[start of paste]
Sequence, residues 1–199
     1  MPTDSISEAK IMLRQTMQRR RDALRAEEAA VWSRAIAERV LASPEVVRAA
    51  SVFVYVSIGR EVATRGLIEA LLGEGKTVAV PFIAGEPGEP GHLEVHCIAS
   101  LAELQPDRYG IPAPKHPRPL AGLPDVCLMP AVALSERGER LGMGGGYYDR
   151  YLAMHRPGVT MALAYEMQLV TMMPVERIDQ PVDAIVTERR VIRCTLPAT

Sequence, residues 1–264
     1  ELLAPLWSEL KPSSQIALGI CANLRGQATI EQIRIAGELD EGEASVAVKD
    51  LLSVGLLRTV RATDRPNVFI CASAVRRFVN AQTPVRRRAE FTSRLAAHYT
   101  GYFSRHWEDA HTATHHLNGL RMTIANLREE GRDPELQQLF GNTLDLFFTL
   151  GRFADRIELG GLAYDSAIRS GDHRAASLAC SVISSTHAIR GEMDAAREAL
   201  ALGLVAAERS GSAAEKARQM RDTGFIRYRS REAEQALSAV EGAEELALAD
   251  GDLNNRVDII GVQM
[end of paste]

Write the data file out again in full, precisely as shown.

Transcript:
Sequence, residues 1–199
     1  MPTDSISEAK IMLRQTMQRR RDALRAEEAA VWSRAIAERV LASPEVVRAA
    51  SVFVYVSIGR EVATRGLIEA LLGEGKTVAV PFIAGEPGEP GHLEVHCIAS
   101  LAELQPDRYG IPAPKHPRPL AGLPDVCLMP AVALSERGER LGMGGGYYDR
   151  YLAMHRPGVT MALAYEMQLV TMMPVERIDQ PVDAIVTERR VIRCTLPAT

Sequence, residues 1–264
     1  ELLAPLWSEL KPSSQIALGI CANLRGQATI EQIRIAGELD EGEASVAVKD
    51  LLSVGLLRTV RATDRPNVFI CASAVRRFVN AQTPVRRRAE FTSRLAAHYT
   101  GYFSRHWEDA HTATHHLNGL RMTIANLREE GRDPELQQLF GNTLDLFFTL
   151  GRFADRIELG GLAYDSAIRS GDHRAASLAC SVISSTHAIR GEMDAAREAL
   201  ALGLVAAERS GSAAEKARQM RDTGFIRYRS REAEQALSAV EGAEELALAD
   251  GDLNNRVDII GVQM